Smoking, Dietary Betaine, Methionine, and Vitamin D in Monozygotic Twins with Discordant Macular Degeneration: Epigenetic Implications.
Ophthalmology. 2011 May 25. DOI: 10.1016/j.ophtha.2010.12.020
Seddon JM, Reynolds R, Shah HR, Rosner B.
Ophthalmic Epidemiology and Genetics Service, New England Eye Center, Tufts Medical Center, Boston, Massachusetts; Department of Ophthalmology, Tufts Medical Center, and Tufts University School of Medicine, Boston, Massachusetts.
OBJECTIVE: We evaluated monozygotic twin pairs with discordant age-related macular degeneration (AMD) phenotypes to assess differences in behavioral and nutritional factors.
DESIGN: Case series.
PARTICIPANTS: Caucasian male twin pairs from the United States Twin Study of Macular Degeneration.
METHODS: Twin pairs were genotyped to confirm monozygosity. Ocular characteristics were evaluated based on fundus photographs using the Wisconsin Grading System and a 5-grade Clinical Age-Related Maculopathy Staging System. We selected twin pairs discordant in each of the following phenotypic categories: Stage of AMD (n = 28), drusen area (n = 60), drusen size (n = 40), and increased pigment area (n = 56). The Wilcoxon signed-rank test and linear regression were used to assess associations between behavioral and nutritional characteristics and each phenotype within discordant twin pairs.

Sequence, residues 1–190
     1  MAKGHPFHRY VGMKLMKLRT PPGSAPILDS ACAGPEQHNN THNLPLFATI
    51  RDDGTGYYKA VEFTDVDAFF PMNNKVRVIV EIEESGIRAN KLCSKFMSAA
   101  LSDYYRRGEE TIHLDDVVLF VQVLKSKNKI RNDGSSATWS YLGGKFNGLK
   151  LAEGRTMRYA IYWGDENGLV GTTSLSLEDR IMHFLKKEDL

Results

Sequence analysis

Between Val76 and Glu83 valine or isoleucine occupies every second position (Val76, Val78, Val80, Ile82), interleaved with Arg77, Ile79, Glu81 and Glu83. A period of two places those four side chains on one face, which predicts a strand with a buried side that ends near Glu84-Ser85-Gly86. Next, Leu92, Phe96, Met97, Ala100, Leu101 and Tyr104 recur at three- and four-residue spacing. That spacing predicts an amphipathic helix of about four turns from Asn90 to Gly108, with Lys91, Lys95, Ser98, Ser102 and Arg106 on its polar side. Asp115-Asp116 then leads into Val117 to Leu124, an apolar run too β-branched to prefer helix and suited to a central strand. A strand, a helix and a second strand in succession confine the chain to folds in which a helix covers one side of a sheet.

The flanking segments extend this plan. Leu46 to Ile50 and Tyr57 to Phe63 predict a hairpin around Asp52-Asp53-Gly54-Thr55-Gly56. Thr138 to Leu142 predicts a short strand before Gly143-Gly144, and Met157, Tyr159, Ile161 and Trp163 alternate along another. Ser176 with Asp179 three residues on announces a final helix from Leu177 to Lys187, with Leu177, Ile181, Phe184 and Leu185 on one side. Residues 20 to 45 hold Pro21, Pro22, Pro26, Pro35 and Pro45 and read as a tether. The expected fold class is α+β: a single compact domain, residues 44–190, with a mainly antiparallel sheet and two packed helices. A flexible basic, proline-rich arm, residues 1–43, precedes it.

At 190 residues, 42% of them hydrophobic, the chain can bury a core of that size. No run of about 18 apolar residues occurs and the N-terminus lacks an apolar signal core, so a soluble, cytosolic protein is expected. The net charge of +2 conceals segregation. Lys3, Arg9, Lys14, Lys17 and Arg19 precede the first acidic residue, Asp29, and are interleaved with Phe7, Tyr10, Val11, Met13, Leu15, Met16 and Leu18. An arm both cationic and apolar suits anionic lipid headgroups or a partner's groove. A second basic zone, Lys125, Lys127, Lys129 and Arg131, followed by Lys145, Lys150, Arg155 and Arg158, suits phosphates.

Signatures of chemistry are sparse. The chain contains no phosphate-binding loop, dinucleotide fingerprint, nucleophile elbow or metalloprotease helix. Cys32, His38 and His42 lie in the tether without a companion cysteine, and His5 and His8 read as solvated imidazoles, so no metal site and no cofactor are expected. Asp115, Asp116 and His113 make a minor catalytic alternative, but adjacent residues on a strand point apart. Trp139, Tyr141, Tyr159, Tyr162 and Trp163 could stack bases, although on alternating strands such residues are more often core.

MAIN OUTCOME MEASURES: Differences in smoking and dietary factors within twin pairs discordant for stage of AMD, drusen area, drusen size, and pigment area.
Representative fundus photographs depict the discordant phenotypes.
Pack-years of smoking were higher for the twin with the more advanced stage of AMD (P = 0.05).
Higher dietary intake of vitamin D was present in the twins with less severe AMD (P = 0.01) and smaller drusen size (P = 0.05) compared with co-twins, adjusted for smoking and age.
Dietary intakes of betaine and methionine were significantly higher in the twin with lower stage of AMD (P = 0.009) and smaller drusen area (P = 0.03), respectively.
CONCLUSIONS: The twin with the more advanced stage of AMD, larger drusen area, drusen size, and pigment area tended to be the heavier smoker.
The twin with the earlier stage of AMD, smaller drusen size and area, and less pigment tended to have higher dietary vitamin D, betaine, or methionine intake.
Results suggest that behavioral and nutritional factors associated with epigenetic mechanisms are involved in the etiology of AMD, in addition to genetic susceptibility.
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